He chuckled angrily at himself, then, on impulse, said out loud the words he’d been thinking all day. For years, really.

“I’m a terrible father.”

He said it plainly, without emphasis. It was surprising how little the words stung, in the end.

“Huh,” Peter muttered after a moment. “… So it’s something about your kid, then? You’re Casper’s dad, right? He’s friends with my son.”

“Your son?” Ray asked without inflection. “I didn’t know.”

“They met at school a week or two ago,” Peter supplied. “He’s come over a few times.”

“Oh,” Ray murmured. “So that’s where he’s been going. He didn’t tell me. I figured he just didn’t want to talk to me.”

“… What’s wrong?” Peter asked, his tone changing now to what seemed like genuine concern. “Has something happened?”

Ray laughed at that, a single burst of humorless sound. “Something” was such an understatement.

“I tried to help him manifest,” he muttered, hating himself. “First few times, I thought I’d been soft; that I just hadn’t made him scared enough to make it happen. So I kept trying.” He paused there for a moment, the park ground in front of him momentarily giving way to the image of his son huddled against the wall, tears streaming down his face as he cradled his arm, the mark of pain steadily flowing into place across his cheek. He didn’t push this one away, instead forcing himself to look at it long and hard. Peter was silent beside him; either judging or waiting, he couldn’t tell. He forced himself to continue. “… He ran away from home last night.”

There was a long silence after that, before Peter swore quietly to himself.

“Christ, Ray. I thought you were better than that.”

Ray let out a huff, feeling a sudden touch of anger towards the other man.

“Don’t give me that,” he muttered. “I know it’s shit, but you know as well as I do that powers need stress to manifest. They’re always going to be traumatic. Surely it’s better to do it yourself, and give the kid as much help as they need in the aftermath. Yeah, I’m a crap dad, but I wasn’t wrong for trying to make it easier.” For a moment, he remembered his own father doing much the same. Afterwards, he’d been given ice cream.

“You say that,” the other man replied angrily. “But the way I see it, you just drove your kid out of his home. Powers aren’t worth that, Ray.”

Ray grunted.

“Wouldn’t have expected that, coming from you. You’re a Toranaga, after all. Are you really telling me Japan’s foremost wizarding line doesn’t help their children manifest? I waited until Casper was nine. How old were you, huh?”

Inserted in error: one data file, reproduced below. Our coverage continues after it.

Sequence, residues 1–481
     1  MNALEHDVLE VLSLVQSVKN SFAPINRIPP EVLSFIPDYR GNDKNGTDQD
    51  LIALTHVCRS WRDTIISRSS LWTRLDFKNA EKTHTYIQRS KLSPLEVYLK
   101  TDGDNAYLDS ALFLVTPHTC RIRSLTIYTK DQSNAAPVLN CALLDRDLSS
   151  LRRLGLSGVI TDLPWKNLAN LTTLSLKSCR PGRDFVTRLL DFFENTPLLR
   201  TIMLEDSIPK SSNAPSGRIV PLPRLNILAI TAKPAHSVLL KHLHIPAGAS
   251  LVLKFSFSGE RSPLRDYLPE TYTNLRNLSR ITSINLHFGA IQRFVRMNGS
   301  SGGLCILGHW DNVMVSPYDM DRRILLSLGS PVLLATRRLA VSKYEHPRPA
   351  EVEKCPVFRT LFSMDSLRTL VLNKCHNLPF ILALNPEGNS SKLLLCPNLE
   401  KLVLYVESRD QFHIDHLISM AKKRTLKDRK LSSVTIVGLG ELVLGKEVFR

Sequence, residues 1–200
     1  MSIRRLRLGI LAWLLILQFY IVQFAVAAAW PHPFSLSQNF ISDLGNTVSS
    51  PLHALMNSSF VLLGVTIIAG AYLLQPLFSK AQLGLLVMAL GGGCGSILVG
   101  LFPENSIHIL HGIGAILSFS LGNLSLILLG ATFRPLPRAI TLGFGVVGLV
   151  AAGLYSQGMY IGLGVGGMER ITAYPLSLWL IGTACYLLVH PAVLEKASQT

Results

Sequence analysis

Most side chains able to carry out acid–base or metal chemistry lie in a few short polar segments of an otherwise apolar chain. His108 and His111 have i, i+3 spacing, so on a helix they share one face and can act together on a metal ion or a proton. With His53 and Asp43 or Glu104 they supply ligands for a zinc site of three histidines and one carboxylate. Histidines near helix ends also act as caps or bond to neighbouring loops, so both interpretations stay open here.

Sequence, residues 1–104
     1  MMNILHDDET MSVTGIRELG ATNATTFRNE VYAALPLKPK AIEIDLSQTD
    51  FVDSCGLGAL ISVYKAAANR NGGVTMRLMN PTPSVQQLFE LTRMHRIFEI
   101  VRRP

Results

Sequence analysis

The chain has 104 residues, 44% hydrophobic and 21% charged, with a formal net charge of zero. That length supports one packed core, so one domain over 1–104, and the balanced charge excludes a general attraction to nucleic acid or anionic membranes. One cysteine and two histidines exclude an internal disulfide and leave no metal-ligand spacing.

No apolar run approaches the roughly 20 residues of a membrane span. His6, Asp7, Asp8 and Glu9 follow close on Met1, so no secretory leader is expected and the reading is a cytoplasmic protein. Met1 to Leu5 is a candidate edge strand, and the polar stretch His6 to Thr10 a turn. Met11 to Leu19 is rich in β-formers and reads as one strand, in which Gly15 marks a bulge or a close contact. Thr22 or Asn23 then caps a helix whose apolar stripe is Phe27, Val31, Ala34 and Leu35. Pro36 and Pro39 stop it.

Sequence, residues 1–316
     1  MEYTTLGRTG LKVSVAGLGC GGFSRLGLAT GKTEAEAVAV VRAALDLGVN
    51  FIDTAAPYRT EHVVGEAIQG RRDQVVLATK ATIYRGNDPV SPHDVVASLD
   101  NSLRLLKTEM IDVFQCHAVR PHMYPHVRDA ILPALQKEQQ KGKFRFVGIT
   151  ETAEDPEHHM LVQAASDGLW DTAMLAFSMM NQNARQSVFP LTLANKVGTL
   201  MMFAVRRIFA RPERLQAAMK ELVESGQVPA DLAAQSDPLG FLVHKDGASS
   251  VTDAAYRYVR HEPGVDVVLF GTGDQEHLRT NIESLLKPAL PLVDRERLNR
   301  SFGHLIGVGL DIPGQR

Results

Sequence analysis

The strike caught him in the cheek, sent him stumbling. There was less force to it than he might have thought. He righted himself, and met the other man’s glare.

“… That was the wrong road to take with me, Ray,” said Peter, his voice cold. “But fine. You want your answer? I was seven.” They stared at one another for a long moment. “Do you know what a faun is, Ray?”

Ray brought a finger to his lip, felt a trace of blood, and nodded.

“Yeah,” he replied evenly. “I know what a f-”

“Not the modern faun,” Peter cut him off. “Not C.S. Lewis. I’m talking about the old myths. The tricksters and the monsters. Pan and the Satyrs. Those myths come from somewhere, Ray; and one day, my parents went out and caught one.”

Ray cocked an eyebrow at that, confused, but Peter didn’t seem to notice.

“Turns out, they have a defense mechanism,” he continued bitterly. “And it’s a good one. They generate fear. That’s all. Just fear. So my parents caught one, chained it to a wall, and locked me in a room with it.”

It took a moment for the implications of Peter’s words to sink in.

“… Ah.” He said, for lack of anything better.

“They knew it had worked after three hours, when I started begging them to let me out. In turkish. Powers aren’t worth it, Ray. It’s just child abuse.”

“… I disagree,” Ray grumbled after a long quiet. “We need them. They keep us safe.”

Peter sighed, his shoulders sagging slightly.

“Well, you’re not wrong,” he murmured. “But that doesn’t make it better.” He took a deep breath, then shook his head. “We’ll find your son, Ray, but I think we both know you’ll need to spend your whole life making this up to him.”

“Yeah. I know.”

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Escapism: 3.13

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Tasha:

The man let out a panicked shout as James took his leave, scrambling to his feet on the damp grass upon which he’d landed and chasing after the boy’s shrinking form at a dead sprint. Another charge of electricity began rapidly building around his arm, ready to shock the boy out of the sky, when Tasha’s shoulder caught him around the middle, her whole weight thrown behind the impact, wrapping her arms around his chest and sending the both of them sprawling. His shot went wide, cutting a broad arc of light through the night sky.

The man screamed, his attention still focused on James’ now barely visible form, one arm reaching desperately for him. Tasha punched him, her fist striking him in the jaw, only to glance off as it met not with skin, but with some hard, smooth barrier that sent arcs of pain jarring up her arm in its refusal to give. For a moment, she thought she saw something above his skin flicker, like a window catching the light. She ignored it.

“Nope!” She yelled. “You focus on me! Not on him, cuz it’s me who’s gonna kick your ass!” To drive the point home, she struck him again with her other fist, feeling the same pain radiating up her arm as he simply took the blow, unflinching. Again, his skin seemed to flicker with a momentary light.

Slowly, he turned his face to her, and she was surprised to see a single tear trickling down his cheek. He looked her in the eye, his face contorted with rage and grief, and spat at her. It caught her on the chin. She raised a fist to punch him again and drove it down towards his face, only for it to bury itself in the ground as he disappeared out from under her.